Wal-Mart would be the only large-scale retail project to occur during the 1990s, and just like the 1980s, major retail closures were ahead.
Mort Bank opened a Rock N’ Roll themed McDonald’s on the former site of Auto Dine in 1992.
Washington Street Underpass
A $6.3 million underpass was completed at Washington Street and Main Avenue in September 1993. As a result, Washington Street traffic increases by 60% within a year – to 16,000 vehicles per day. Together with the opening of Bismarck’s first Walmart the year prior, the increased traffic sparks significant commercial development along the corridor. Within a year, nearly a dozen new businesses open along South Washington and the adjoining Expressway: Pier 1 Imports (in 1992), Perkins (Bismarck’s second), McDonald’s (then Bismarck’s fourth), Fairfield Inn (Bismarck’s second), Blockbuster Video, Premiere Video, Budget Tapes and Video (Bismarck’s second), and Little Caesar’s Pizza (Bismarck’s second).
More Major Changes in Retail
Gateway Mall was particularly hit hard in 1994 when Herbergers left upon expanding its Kirkwood location. The anchor position Herbergers had occupied, which had previously been occupied by A.W. Lucas, was unable to hold a stable tenant until 2004 when Conlin’s Furniture moved into the space. Jacob’s Trading (later World’s Greatest Deals) did occupy the space for about two years. Menards also left Gateway at the end of the decade upon constructing their own store.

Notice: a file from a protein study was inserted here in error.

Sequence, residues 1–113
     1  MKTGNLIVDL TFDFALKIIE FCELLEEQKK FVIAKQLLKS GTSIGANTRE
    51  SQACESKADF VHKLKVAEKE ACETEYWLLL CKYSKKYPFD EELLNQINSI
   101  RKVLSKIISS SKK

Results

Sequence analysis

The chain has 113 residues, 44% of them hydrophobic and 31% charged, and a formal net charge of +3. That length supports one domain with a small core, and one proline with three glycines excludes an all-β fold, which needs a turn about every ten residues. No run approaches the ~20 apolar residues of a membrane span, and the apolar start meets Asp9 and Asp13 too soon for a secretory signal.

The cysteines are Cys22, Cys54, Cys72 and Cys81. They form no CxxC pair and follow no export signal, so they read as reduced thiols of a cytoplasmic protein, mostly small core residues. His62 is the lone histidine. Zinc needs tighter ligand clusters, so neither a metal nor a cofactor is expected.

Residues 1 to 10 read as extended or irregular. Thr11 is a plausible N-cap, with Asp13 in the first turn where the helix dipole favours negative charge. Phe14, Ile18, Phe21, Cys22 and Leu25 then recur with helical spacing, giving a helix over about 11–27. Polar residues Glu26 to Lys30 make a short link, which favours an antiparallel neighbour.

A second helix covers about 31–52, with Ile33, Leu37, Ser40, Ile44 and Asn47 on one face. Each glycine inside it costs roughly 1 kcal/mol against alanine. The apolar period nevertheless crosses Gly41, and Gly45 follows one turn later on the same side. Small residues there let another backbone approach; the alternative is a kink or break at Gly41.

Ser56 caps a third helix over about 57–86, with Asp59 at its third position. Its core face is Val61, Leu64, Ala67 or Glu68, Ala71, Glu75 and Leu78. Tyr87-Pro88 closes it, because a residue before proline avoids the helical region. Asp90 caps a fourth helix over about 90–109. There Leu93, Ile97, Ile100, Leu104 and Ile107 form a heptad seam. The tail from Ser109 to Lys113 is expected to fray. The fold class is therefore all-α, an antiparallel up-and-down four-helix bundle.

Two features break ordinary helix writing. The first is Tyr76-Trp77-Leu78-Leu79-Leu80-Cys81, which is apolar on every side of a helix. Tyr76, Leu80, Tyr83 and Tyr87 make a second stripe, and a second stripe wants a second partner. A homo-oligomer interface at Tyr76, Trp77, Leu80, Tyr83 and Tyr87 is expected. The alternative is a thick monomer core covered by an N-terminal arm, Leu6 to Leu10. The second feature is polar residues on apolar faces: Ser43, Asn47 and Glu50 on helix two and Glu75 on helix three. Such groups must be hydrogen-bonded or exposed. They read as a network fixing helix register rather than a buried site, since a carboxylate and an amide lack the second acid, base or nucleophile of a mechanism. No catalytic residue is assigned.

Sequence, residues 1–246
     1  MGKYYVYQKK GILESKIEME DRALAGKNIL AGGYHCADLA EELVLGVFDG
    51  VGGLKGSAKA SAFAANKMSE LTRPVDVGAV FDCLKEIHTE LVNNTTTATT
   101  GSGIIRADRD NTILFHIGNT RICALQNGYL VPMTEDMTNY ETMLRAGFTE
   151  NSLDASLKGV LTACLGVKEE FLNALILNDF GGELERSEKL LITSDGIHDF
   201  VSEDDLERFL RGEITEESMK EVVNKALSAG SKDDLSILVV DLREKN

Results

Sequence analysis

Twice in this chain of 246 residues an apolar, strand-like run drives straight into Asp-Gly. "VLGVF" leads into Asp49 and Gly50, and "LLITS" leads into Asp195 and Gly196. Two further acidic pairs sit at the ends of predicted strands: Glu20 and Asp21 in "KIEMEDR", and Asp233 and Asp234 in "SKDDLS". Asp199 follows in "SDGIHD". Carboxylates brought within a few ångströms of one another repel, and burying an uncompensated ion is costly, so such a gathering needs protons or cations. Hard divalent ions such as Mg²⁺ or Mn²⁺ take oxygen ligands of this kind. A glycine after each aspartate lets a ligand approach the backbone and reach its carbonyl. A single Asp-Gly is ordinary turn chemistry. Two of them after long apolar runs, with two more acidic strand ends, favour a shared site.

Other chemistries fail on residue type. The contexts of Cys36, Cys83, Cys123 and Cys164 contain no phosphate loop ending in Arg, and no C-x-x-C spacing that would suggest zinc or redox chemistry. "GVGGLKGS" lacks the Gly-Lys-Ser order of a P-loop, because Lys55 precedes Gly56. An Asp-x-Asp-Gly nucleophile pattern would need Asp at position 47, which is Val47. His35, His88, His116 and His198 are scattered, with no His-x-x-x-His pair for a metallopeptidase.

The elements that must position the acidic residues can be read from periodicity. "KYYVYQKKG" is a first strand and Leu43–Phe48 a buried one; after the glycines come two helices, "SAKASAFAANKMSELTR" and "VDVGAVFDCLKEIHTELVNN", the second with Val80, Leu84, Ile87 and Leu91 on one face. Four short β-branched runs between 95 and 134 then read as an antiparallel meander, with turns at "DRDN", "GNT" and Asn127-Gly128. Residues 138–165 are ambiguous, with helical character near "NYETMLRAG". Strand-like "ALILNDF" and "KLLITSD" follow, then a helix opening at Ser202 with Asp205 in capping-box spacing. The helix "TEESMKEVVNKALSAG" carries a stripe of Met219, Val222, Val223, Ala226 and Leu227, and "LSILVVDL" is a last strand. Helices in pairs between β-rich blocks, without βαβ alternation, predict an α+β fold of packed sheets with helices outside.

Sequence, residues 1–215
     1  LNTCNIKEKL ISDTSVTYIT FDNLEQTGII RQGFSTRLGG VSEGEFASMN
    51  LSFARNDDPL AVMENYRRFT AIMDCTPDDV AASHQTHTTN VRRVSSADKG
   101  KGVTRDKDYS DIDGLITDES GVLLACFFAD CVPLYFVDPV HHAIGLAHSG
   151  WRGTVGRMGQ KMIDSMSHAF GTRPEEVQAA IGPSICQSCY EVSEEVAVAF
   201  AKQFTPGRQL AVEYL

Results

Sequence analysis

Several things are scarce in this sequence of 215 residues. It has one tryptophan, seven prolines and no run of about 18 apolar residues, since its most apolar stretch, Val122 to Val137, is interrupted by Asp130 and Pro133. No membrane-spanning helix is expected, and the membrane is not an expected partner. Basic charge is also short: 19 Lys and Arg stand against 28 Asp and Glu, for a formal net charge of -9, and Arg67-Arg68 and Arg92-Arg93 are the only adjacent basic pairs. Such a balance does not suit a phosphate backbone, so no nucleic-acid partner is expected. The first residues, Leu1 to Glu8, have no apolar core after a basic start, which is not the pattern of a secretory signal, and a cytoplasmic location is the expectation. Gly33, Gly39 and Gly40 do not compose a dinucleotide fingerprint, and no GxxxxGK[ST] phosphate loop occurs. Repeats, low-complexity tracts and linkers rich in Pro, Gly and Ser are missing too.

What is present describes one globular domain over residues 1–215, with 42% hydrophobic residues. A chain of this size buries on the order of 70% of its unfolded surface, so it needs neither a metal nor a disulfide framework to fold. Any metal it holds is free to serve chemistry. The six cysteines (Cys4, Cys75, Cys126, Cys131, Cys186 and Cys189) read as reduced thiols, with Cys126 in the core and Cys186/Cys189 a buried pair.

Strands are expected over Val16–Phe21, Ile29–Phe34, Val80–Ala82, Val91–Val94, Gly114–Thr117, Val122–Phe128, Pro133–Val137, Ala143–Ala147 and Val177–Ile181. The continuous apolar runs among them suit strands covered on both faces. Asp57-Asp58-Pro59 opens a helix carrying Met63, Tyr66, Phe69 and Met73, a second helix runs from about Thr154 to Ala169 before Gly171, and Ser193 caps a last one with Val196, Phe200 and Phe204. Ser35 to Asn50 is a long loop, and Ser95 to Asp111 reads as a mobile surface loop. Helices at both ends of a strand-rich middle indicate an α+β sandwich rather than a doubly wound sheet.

Dan’s Supermarket opened a new store on Washington Street, replacing its Kirkwood location. This was the first new Bismarck store for the company since the opening of its Gateway location twenty years before. It was also the first store in the chain to be officially branded “Supermarket” as opposed to Supervalu. TJMaxx and Rex TV & Appliance moved into the newly vacated former Dan’s Supervalu space next to Kirkwood Mall shortly after.
National catalog retailer Best Products closed in 1997 following the company’s second bankruptcy. A bidding war among the three top office supply chains – Office Depot, Staples, and Office Max – commenced soon after to lease a portion of the former Best store. Office Depot proved victorious and occupied the space in 1998. It was the first Office Depot in North Dakota. The eastern side of the former Best store remained empty until Big Lots occupied it in 2001. While Staples lost the space to Office Depot, the opening of its freestanding store on Washington Street preceded Office Depot by a few months.
Kirkwood Mall could not dodge the bullet of closures, taking a severe blow when Montgomery Wards closed in 1998, almost seventy years to the date the retailer first arrived in Bismarck.
Kirkwood Mall found similar difficulty filling its Wards space as Gateway did its Herbergers space, unable to permanently fill it until 2002 when I. Keating Furniture occupied the space.
Two industries that did see substantial expansion in the 1990s were restaurants and hotels. Four hotels opened in 1996, and one in 1997. National chains like Applebee’s came during this decade, and also several local favorites, such as Space Aliens Grill & Bar in 1997.
Space Aliens was founded by Mort Bank, who had previously established the McDonald’s Rock-N-Roll Cafe on Main Avenue in 1992. A second location was added in Fargo two years later. Today, there are six Space Aliens restaurants across North Dakota and Minnesota.
Record Breaking Winter Season
The Winter Season of 1996-1997 had broken the record for the most snow received in a single season, with 101.6 inches. The Blizzard of April 1997 propelled the season into the top spot upon receiving 17 inches of snow. It was the worst single snow storm since March 1966.
Two new golf courses, Hawktree and Pebble Creek, opened at the end of the decade in 1999. Pebble Creek is best known for the Fore Seasons Golf Dome.